Local youth group members take on Ferneybeds consultation project challenge

August 2, 2012 | Brenkley News

Members of a Northumberland village youth group have been undertaking a special project to find out the views of their peers about a proposed new surface mine development in the south east of the county.  

Ten members of the Coquet Youth Group in Amble have been working with the local arm of the Northumberland Youth Service and the community engagement team at regional firm Banks Mining to identify ways to gather the opinions of other local young people about Banks’ proposed Ferneybeds surface mine, which would be located to the south of Widdrington Station, around eight miles north west of Ashington. 

The innovative approach to community engagement has been so well received that Banks is already looking at applying this  on other projects around the country. 

As part of efforts to ensure that its community engagement programme around the Ferneybeds proposals covered as many different elements of the local community as possible, Banks invited the Youth Group members, who are aged between 14 and 16, to visit their working Shotton surface mine on the Blagdon Estate to the west of Cramlington. 

After giving them a presentation on both how surface mining works and what the company’s Ferneybeds proposals entail, Banks challenged the Youth Group members to come up with a consultation strategy that would enable them to find out what other young residents of the area think about the plans. 

Working with Lisa Waugh of the Coquet Youth Team, the local youth service which covers Widdrington Station, the group developed a range of ideas during weekly meetings over a four-month period. 

The meetings included planning and developing a young person friendly consultation, practising their presentation skills and extending their personal knowledge of surface mining and learning about Banks as a company. 

The group undertook a consultation exercise amongst 35 of their peers, collated the results and then presented their findings to an audience of more than 20 local people, including members of Widdrington Station and Ulgham Parish Councils and the Coastal Villages Community Forum, at the weekly ‘Bacon Butty’ morning held at ATAC in Widdrington Station every Wednesday. 

The comments reported by the group are all now being taken forward by Banks community engagement coordinator Emily Hunter, who acted as a mentor on the project.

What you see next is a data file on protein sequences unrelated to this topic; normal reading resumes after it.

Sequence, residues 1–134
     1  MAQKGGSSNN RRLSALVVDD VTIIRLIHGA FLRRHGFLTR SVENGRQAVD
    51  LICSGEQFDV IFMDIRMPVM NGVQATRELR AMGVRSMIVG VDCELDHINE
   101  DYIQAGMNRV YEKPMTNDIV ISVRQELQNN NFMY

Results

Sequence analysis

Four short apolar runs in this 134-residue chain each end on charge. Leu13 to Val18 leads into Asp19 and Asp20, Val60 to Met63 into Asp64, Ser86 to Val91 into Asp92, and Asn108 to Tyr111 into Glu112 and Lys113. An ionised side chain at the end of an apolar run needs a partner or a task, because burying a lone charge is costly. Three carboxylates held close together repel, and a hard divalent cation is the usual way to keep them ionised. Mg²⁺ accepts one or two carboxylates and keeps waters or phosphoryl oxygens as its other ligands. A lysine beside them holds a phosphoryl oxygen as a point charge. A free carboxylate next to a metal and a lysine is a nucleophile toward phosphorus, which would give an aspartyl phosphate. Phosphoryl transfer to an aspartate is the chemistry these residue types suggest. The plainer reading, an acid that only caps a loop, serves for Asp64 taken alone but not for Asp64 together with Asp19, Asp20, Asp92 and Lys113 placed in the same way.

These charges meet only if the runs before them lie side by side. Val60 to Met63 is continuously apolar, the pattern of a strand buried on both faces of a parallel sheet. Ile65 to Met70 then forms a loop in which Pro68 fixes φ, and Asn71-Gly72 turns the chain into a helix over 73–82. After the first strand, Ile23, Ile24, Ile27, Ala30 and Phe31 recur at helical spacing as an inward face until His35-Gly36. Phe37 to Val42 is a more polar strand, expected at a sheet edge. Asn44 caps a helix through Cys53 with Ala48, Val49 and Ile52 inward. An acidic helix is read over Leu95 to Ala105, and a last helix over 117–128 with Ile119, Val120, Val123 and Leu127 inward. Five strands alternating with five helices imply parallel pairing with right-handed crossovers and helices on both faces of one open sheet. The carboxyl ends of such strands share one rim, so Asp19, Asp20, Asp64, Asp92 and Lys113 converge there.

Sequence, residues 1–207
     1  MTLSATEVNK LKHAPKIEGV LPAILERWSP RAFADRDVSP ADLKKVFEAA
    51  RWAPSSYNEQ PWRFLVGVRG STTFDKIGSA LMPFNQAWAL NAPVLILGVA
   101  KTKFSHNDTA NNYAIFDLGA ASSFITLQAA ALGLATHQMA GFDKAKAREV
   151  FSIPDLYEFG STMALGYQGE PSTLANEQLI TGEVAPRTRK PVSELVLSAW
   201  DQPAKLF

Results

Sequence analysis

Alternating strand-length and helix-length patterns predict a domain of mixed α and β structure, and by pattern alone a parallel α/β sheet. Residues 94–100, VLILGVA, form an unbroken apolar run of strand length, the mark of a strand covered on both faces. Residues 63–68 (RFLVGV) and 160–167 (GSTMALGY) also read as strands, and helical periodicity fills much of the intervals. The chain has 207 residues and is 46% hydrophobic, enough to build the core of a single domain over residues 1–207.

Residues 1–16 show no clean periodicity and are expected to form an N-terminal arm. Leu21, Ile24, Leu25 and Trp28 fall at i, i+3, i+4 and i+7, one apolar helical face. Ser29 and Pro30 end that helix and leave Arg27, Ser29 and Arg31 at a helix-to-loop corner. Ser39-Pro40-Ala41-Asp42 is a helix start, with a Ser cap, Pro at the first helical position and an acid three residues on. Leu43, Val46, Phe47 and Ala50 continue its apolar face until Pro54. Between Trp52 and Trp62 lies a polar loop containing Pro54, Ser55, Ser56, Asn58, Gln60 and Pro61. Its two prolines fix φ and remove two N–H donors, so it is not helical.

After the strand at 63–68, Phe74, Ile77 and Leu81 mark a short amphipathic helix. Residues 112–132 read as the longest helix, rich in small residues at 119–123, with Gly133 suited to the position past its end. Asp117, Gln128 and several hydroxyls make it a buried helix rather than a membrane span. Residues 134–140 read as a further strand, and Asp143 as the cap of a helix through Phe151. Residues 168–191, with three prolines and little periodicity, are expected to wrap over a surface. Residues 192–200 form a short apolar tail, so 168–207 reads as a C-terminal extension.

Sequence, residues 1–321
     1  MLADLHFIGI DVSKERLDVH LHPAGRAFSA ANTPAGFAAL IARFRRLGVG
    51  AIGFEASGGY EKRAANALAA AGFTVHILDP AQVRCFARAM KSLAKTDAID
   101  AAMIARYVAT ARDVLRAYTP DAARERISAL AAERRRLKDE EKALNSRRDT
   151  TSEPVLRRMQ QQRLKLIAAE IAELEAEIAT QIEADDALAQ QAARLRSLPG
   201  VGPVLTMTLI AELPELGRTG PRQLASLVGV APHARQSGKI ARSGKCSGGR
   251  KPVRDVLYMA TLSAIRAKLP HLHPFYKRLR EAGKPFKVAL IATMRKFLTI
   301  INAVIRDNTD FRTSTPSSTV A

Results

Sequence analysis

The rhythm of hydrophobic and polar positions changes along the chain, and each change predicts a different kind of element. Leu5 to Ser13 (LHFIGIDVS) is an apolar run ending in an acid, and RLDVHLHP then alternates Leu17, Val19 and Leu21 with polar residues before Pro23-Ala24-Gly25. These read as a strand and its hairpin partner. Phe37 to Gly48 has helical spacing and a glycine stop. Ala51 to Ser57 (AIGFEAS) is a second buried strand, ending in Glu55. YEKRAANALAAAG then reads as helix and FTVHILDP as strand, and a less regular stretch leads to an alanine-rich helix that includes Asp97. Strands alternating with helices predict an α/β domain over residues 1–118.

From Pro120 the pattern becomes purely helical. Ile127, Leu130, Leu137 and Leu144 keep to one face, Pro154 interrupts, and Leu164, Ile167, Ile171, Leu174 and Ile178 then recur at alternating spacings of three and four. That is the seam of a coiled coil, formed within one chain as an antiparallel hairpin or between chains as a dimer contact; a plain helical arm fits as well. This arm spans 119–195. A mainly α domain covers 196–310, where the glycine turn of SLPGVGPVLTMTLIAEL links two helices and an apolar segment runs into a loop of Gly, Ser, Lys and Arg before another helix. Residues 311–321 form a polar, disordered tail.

Group members also fed back to the meeting on how it felt to be consulted about such an important issue in their community and the skills they had been able to develop and enhance by working on the project. 

They are now planning to visit the colliery and the pit village at Beamish Museum to look at the history of coal mining in the North East, and to try to get more of a sense of the people who lived and worked around it. 

Lisa Waugh says: “The youth group members took this work on with a lot of enthusiasm and interest, and they’ve had a really positive response to their idea from everyone that they’ve spoken to’’. 

“On a personal level, they’ve not been involved with anything like this before, and have all gained a lot of confidence as the project has progressed’’. 

“The presentation, consultation and teamwork skills that they’ve developed will be really useful to them in the future, and it’s great to now see the group’s ideas being taken on as part of Banks’ planning process.” 

Banks is looking to extract around 750,000 tonnes of coal from the proposed Ferneybeds site, which would support around 40 jobs, as well as many others in local supply chain businesses, and which would also bring new substantial revenues into the local economy.

The scheme would also generate a benefits package of up to £75,000, which would be used to enable Banks to deliver a range of community and environmental improvements in partnership with local people. 

Banks Mining already employs more than 200 people, most of whom are employed at the nearby Shotton surface mine in south east Northumberland and the Brenkley Lane surface mine in Newcastle, and has maintained an operational presence in this area for more than three decades.

Emily Hunter adds: “The work of the community design panel that we’ve been running on this project for the last two years has been extremely valuable in shaping the Ferneybeds planning application that we will soon be submitting, but we wanted to make sure that we included as wide a cross-section of the local population as we could in our public engagement work.

“Gathering the views of young people is an unusual undertaking for any type of development proposal, even though their opinions and ideas are just as valid as anyone else living in any given area.

“The Youth Group members approached this project with real dedication and commitment, and really impressed everyone that heard them present back their ideas.

“The way in which this project has worked and the benefits that everyone involved has taken out of it demonstrates the validity of such an approach, and we’re now looking at ways in which it can be adapted to seek the views of young people in communities around other Banks schemes.”

Anyone who wants more information on the Ferneybeds proposals can contact the project team on 0191 378 6100 or via ferneybeds@banksgroup.co.uk

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